Thursday, August 14, 2008
Review: Tropic Thunder
In this Apatow-dominated world, Tropic Thunder is simultaneously a frat pack triumph and the the final proof that the frat pack is finally, unalterably dead, swallowed by the juggernaut of comedy that is the Apatow brand. The triumph part is easy to explain: for the first time since Apatow and Co burst on to the big screen, the frat pack have a movie in theaters that is superior to the current Apatow offering: Tropic Thunder is better and funnier than Pineapple Express. That's something I didn't think was possible, but it is.
Now for the frat pack's death rattle. Although Stiller is acknowledged as the leader of the frat pack, the film's enormous cast includes: Stiller, Jack Black, Robert Downey, Jr, Nick Nolte, Tom Cruise, Steve Coogan, Matthew McConaughey, Bill Hader, Jay Baruchel, Brandon T. Jackson, and Danny McBride. The leader of the frat pack brings only himself and Black, a marginal packer, to the proceedings. Non-frat packers include Nolte, Downey, Cruse, Coogan, McConaughey, and Jackson. But here's the crucial bit: Baruchel is an Apatow kid, by way of Knocked Up and Undeclared. Hader was in Superbad, Forgetting Sarah Marshall, and Pineapple Express. McBride just hit the public consciousness in Pineapple Express, and was discovered by Adam McKay, who has never made a movie not produced by Judd Apatow. With Vaughn, Ferrell (who's had 3 movies produced by Apatow), and both Wilsons conspicuously absent, Tropic Thunder has Apatow players (3) outnumbering frat packers (1.5).
This film could not be a more fitting elegy for the frat packers' brief (2000-2007) run as the world's premier comedy creators. It's the least elegaic elegy ever. Like all the greatest frat pack movies, it is relentlessly crude, profoundly unsubtle, deeply strenuously, and riotously, gloriously, painfully funny. As a satire of Hollywood filmmaking, this story rings true: a troupe of Hollywood actors who, while filming a Vietnam War movie, get involved in a real military conflict. It smacks of the Hearts of Darkness fantasy that animates so much of our Hollywood dreams: the attempt at art which becomes life, which translates back into perfectly lifelike art. Compared to stories of Apocalypse Now, Stiller's washed up action hack, trying to go legit; Black's Eddie Murphy style prosthetics comic; and Downey's psychologically unstable method actor hardly even seem exaggerated. And they're surrounded by a troop of great actors in roles that fit them perfectly: Nolte as a deranged Vietnam vet, Coogan as a clueless director, McBride as a demolitions madman, Hader as a studio yes-man, Jackson as a rapper/drink spokesman, and Baruchel as a regular guy trying to make it as an actor.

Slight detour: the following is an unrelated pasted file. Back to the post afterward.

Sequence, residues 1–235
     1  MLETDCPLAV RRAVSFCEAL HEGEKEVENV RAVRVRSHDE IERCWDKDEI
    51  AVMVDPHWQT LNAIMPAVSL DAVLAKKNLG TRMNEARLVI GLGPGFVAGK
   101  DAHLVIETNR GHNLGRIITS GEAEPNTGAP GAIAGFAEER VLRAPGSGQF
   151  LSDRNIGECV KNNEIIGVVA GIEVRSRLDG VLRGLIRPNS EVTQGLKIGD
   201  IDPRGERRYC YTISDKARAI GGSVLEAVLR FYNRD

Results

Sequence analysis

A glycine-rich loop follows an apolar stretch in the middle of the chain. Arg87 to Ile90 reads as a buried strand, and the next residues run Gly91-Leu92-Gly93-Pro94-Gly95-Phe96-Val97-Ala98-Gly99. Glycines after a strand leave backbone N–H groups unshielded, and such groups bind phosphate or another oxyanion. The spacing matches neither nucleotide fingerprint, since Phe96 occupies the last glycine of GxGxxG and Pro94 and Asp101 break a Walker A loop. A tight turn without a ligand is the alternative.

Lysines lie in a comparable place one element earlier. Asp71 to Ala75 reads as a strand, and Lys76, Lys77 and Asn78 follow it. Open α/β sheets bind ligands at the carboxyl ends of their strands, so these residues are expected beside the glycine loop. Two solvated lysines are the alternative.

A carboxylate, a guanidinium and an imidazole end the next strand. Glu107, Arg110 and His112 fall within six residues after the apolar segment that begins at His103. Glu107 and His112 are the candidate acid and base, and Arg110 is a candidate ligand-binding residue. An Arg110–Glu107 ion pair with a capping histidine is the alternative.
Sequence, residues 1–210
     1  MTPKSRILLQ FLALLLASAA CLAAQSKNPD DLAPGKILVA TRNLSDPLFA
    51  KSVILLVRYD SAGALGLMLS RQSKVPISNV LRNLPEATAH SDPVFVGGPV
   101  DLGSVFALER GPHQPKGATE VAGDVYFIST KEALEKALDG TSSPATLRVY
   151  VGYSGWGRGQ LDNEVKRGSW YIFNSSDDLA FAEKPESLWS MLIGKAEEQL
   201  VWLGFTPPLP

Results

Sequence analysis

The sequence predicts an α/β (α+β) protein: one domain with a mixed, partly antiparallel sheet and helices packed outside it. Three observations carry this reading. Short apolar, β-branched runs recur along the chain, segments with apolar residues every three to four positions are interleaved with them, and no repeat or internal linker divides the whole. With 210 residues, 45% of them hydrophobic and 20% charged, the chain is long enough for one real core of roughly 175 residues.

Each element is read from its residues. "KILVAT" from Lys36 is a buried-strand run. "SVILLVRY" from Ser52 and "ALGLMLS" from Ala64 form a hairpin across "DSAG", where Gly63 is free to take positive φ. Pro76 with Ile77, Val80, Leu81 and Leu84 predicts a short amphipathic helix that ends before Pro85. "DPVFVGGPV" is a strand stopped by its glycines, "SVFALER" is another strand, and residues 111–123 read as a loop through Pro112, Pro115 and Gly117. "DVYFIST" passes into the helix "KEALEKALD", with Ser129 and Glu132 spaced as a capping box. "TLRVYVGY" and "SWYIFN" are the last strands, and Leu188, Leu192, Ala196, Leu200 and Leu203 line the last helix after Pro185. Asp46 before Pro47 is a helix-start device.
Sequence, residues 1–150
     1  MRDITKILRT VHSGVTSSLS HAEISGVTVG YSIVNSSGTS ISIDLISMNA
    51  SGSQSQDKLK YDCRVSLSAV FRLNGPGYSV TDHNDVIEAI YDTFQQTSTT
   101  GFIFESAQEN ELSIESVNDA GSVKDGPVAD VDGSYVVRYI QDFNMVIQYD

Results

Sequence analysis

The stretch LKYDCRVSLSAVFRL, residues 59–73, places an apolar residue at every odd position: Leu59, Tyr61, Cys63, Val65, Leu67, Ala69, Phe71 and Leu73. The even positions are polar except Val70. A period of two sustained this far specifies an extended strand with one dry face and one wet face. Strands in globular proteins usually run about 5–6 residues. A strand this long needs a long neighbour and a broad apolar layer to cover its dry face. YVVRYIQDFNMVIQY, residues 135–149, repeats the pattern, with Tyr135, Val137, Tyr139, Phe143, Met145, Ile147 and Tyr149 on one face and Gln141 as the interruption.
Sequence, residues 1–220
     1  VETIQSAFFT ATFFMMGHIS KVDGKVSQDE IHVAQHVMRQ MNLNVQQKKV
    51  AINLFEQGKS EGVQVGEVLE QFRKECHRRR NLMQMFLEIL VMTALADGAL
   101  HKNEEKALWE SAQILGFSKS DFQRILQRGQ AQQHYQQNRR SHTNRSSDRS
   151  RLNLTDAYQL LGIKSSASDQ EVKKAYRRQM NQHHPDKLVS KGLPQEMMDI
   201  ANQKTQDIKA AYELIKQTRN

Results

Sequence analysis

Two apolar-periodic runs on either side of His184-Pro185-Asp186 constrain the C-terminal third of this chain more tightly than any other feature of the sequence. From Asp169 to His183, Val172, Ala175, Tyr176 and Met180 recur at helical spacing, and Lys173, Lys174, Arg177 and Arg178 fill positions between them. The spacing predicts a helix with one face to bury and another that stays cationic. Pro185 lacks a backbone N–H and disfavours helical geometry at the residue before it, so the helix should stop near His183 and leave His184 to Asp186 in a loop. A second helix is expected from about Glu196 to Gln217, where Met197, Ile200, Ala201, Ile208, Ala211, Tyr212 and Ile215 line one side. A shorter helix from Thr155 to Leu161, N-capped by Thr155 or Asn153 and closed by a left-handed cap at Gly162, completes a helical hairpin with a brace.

I now write one of the strangest sentences in blogging history: Aside from the sublime Downey, the film's best performances come from McConaughey and Cruise (cue Universe implosion). McConaughey is great because, as a surface-obsessed dick, his turn as a surface-obsessed agent named "Pecker" requires no acting at all. Cruise is brilliant for the opposite reason; although he's a real life douche and studio head, his turn as a foul-mouthed, hairy, balding, giant-handed studio exec makes him into a completely different kind of studio head/douche.
Tropic Thunder (as you might have guessed by now) is not a movie that seems to need a critical evaluation, beyond "it's funny." Well, here it is: it's a very, very funny movie, packed to the gills with funny people doing what they do best or (quite enjoyably) what they do very well even though we had no conception they were capable of it. Every word Downey says is funny, and most of the rest of the movie is too. And Tom Cruise dancing to faux hiphop is possibly worth $10 right there.